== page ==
September 22, 2012

Madmen who were poets

These include Abū Yāsīn the book-keeper, Ju'ayfirān, Jaranfash, Abū Hayya al-Numayrī, Decimus (sc. Zosimus of Panopolis), and Sālih ibn Shīrzādh the scribe. 
        Abū Hayya was the maddest of his people, and also their greatest poet. His verses include:

    Ho, ruins! Your imprints have started to fade,
        and your mantle of nights is long tattered.
    When day and night team up to try a man,
        it is a trial without adjourning.


    May my poem be whirled with the wind
        that carries from here to al-Qa'qā',
    and land by the waters as something still new
        to delight the ears of al-Qa'qā''s people.

He also said:

    Hand and wrist -the most beautiful fetters - she hides,
        and never unveils to him her sun.

        The poet Ju'ayfirān al-Muwaswas was one of the madmen of Kufa. Met by a man who gave him a dirham, saying: "Rhyme for me a poem," Ju'ayfirān said:

    Heal me, Lord! May all my worry
        be cured and turned into relief.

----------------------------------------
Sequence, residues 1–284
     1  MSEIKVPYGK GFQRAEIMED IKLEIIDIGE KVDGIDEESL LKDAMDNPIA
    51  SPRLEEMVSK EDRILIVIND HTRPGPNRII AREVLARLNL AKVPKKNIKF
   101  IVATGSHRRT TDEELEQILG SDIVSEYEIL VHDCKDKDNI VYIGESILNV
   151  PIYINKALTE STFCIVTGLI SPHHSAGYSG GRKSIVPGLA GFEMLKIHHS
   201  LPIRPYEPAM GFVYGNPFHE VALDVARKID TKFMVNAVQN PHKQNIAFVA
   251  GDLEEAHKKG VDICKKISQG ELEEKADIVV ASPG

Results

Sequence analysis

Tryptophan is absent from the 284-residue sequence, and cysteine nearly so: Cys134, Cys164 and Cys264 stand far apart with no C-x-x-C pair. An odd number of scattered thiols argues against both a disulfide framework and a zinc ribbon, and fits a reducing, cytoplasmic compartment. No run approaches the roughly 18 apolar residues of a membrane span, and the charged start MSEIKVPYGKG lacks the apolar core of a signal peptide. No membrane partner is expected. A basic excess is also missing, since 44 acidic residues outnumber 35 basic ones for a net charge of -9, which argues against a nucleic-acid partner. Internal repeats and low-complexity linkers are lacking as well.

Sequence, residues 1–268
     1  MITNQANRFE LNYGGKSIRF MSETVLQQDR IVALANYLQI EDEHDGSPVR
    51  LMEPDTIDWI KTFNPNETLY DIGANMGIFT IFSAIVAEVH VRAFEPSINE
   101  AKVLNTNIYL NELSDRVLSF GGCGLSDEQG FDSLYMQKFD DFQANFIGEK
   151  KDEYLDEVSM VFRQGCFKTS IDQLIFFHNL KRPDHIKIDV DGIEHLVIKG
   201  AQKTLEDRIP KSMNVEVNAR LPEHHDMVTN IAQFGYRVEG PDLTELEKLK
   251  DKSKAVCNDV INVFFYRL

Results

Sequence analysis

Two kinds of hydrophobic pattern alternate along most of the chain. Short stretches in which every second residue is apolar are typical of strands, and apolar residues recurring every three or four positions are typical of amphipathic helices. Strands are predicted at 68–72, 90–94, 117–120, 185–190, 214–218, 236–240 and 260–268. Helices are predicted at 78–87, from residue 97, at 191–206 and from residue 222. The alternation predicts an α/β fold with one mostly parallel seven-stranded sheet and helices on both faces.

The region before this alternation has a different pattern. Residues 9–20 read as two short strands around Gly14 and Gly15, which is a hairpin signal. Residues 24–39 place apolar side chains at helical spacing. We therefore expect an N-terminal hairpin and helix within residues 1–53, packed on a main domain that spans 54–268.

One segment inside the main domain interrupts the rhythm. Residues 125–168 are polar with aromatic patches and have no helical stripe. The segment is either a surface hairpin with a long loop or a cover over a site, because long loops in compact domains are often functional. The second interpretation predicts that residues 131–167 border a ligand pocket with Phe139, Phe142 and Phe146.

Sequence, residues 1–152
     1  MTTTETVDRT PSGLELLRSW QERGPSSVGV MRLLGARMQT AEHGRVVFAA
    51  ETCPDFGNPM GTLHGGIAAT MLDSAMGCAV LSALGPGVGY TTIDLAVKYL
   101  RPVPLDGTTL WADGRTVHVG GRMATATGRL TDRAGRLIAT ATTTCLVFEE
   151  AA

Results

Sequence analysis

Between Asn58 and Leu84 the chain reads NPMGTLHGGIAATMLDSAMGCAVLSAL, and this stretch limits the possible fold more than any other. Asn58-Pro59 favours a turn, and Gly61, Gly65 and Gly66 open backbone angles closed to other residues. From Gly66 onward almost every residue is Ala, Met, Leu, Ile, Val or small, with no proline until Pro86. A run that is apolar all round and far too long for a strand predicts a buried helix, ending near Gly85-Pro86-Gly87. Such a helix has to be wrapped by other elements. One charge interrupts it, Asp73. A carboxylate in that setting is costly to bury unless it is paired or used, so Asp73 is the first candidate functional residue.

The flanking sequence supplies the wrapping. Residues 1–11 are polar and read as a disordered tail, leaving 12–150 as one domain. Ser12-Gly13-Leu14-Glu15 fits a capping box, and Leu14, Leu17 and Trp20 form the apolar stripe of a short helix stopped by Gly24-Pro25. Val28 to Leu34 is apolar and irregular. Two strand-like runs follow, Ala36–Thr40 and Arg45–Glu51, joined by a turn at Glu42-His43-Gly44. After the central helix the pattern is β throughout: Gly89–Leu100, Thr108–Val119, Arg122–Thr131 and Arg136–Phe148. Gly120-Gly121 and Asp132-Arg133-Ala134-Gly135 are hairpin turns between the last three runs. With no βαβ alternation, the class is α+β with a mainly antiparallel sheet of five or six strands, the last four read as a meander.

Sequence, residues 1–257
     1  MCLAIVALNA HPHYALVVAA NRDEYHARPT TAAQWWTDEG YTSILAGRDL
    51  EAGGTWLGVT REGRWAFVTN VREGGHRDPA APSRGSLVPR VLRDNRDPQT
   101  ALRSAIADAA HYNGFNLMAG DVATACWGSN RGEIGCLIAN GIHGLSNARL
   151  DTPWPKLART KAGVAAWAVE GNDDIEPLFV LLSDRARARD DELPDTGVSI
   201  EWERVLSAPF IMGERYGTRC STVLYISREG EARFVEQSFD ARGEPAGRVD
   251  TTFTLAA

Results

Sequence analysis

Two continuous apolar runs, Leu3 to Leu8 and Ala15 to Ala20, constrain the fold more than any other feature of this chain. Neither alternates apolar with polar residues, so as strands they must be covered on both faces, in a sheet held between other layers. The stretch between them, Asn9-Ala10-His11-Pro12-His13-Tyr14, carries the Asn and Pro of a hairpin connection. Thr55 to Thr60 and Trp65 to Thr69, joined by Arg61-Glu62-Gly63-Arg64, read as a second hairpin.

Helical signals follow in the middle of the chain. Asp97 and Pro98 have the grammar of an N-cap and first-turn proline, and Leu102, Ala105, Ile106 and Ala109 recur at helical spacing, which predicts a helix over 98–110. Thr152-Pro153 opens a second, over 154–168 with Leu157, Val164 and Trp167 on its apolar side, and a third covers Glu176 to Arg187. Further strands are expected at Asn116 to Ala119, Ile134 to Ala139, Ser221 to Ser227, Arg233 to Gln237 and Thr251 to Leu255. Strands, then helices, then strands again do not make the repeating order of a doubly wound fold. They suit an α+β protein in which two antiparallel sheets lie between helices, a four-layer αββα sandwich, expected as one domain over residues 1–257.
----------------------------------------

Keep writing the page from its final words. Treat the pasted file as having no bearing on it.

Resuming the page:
My cup of worries away be hurried,
        I'd like my cup of wine now, please.

And he said:

     Ja'far's nothing to his father,
        and is unlike any other,
     sacrificial goat of a crowd of men
        who all lay claim to him.
     "My son!" one calls him, while another
        takes his case before a judge.
     And his mother laughs at all of them,
        knowing his true parentage.

        Abu 'l-Hasan ['Alī ibn al-'Abbās ibn Abī Talha?]  said: "Ju'ayfirān paid a call upon a certain king, and was admitted to his dinner table. On the following day, he paid another call, and was made to eat behind a screen. On the third day he asked again, and was denied altogether. So he called out at the top of his lungs:

   'Admission is yours to grant. Having dined,
        we will not return, since our return gives offense.
    Some feast that was! That its heat gave you
        heart-burn warms us our fast.' "

From "The Second Pearl" of Ibn 'Abd Rabbih's Necklace Without Peer